Shapps should not get involved in train negotiations with 'militant' RMT, says Scottish Conservative transport spokesperson

The UK transport secretary should not get involved in train negotiations during Britain’s largest rail strike in thirty years, according to the Scottish Conservative transport spokesperson.

A total of 90 per cent of trains in Scotland will not run today, Thursday and Saturday as a result of the dispute with Network Rail which runs the UK’s rail infrastructure.

The action from the RMT union is over pay and redundancies with more strike dates due later this month and in July.

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Thousands of jobs are at risk in maintenance roles and ticket office closures were planned as well as pay freezes during the cost of living crisis, says the RMT union.

Striking sail staff picket outside Cowlairs maintenance depot and signal centre on June 21, 2022 in Glasgow, Scotland. The biggest rail strikes in 30 years started on Monday night with trains cancelled across the UK for much of the week. The action is being taken by Network Rail employees plus onboard and station staff working for 13 train operators across England (Photo by Jeff J Mitchell/Getty Images).

Speaking on Good Morning Scotland, Graham Simpson, Scottish Conservative transport spokesman, said the RMT should stop “being so militant” and get round the table to “stop crippling the country”.

Yet, Labour accused the UK Government of a “catastrophic failure of leadership” over the strike with certain Scottish MSPs saying they are joining picket lines today.

Disagreeing, Mr Simpson told the programme there would be “very little point” of Grant Shapps being involved as “he is not the employer”.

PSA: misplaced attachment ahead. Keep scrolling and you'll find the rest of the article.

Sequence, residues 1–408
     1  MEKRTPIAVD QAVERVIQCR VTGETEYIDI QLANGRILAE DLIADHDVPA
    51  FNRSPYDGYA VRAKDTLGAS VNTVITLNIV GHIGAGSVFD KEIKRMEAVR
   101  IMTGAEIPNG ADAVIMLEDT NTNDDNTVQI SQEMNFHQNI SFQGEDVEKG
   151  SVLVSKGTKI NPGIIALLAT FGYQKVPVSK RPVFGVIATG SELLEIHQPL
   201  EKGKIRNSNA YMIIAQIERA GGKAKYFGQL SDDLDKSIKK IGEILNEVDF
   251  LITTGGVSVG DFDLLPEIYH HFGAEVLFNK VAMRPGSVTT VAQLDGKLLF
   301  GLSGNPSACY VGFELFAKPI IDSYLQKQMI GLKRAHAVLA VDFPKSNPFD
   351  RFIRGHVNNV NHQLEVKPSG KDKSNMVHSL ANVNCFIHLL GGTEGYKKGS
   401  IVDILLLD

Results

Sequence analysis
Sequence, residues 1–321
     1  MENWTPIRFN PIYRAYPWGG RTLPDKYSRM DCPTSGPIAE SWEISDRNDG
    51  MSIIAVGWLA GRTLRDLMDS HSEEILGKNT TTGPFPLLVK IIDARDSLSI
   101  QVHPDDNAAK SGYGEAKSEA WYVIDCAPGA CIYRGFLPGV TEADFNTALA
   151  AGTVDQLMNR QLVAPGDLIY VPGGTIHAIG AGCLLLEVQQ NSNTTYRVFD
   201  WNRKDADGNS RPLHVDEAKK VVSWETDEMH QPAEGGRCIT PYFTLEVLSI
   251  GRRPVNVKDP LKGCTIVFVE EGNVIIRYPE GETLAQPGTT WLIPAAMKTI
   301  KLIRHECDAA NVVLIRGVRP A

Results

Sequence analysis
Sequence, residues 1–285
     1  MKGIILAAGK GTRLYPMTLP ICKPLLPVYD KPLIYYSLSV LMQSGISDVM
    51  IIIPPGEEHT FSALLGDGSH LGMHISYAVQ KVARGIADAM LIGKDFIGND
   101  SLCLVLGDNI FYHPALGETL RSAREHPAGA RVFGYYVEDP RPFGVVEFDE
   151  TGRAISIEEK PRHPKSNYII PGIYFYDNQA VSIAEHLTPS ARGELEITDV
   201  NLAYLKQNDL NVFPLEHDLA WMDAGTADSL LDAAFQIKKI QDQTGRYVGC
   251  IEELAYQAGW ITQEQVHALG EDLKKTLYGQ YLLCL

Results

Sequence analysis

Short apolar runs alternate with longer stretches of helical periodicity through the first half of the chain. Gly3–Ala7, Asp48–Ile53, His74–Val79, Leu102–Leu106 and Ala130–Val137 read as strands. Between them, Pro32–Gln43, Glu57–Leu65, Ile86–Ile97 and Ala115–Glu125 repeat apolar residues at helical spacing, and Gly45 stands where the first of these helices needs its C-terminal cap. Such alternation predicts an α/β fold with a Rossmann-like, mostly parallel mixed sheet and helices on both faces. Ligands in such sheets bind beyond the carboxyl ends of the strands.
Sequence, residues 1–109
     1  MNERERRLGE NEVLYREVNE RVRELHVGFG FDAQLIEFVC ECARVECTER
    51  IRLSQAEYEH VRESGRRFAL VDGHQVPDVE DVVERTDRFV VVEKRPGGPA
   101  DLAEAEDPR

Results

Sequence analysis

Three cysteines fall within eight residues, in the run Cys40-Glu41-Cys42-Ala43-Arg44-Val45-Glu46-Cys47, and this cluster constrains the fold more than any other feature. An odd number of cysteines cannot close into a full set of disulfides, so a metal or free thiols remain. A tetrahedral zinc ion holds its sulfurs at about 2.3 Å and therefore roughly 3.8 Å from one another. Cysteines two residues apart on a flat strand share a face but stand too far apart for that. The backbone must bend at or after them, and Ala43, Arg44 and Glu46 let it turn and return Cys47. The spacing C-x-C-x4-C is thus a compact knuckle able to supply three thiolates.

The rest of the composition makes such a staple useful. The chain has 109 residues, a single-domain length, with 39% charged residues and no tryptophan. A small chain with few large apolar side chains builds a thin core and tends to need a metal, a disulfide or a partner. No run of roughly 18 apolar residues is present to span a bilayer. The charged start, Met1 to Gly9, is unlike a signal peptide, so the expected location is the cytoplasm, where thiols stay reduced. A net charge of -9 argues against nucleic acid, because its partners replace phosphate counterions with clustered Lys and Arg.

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The Scottish Conservative transport spokesman said: “There are 13 train companies involved and I don’t think Grant Schapps going in would achieve anything right now.

"What has to happen is the RMT have to come back round the table with the negotiators, call off the strikes because that’s not helping anyone, and get the trains moving again.”

Speaking earlier on the BBC Scotland programme, Gordon Martin from RMT said the strikes were the “last resort” for members as he said managers are on a “Westminster leash”.

The regional organiser for Scotland said: “The UK Government is driving the whole agenda here. They are driving an agenda of cuts, a programme of wage freezes, a programme of wage cuts, a programme of maintenance cuts which imports real danger into the rail infrastructure.”

This comes amid more than a month of disruption in Scotland, with ASLEF - the train drivers' union - also demanding higher pay for workers.

Mr Simpson said there was a “fundamental difference” between the situation with ScotRail and that with Network Rail.

Mr Simpson said: “ScotRail is nationalised, it is run by the Scottish Government, so Jenny Gilruth was accountable and that is why I said she should have got involved.”

Mr Simpson said he found the strikes “totally unacceptable” after last ditch talks between the RMT union and Network Rail failed on Monday.

ScotRail said it would run very limited services on five routes in the central belt only, with no replacement buses or taxis throughout the period of industrial action.

First Bus said it would try to run more buses "where possible" but currently has a shortage of about 300 drivers.

Nick King from Network Rail said the organisation does not agree their hands are tied by the UK Government, however, said there is a deal to be done.

Mr King said: “We do have an offer we can make to the union. We do feel that is an offer that would reflect a fair pay settlement in the current pay climate.”

The spokesman said if the RMT made some movement in terms of working practices then there could be a resolution to the strike.

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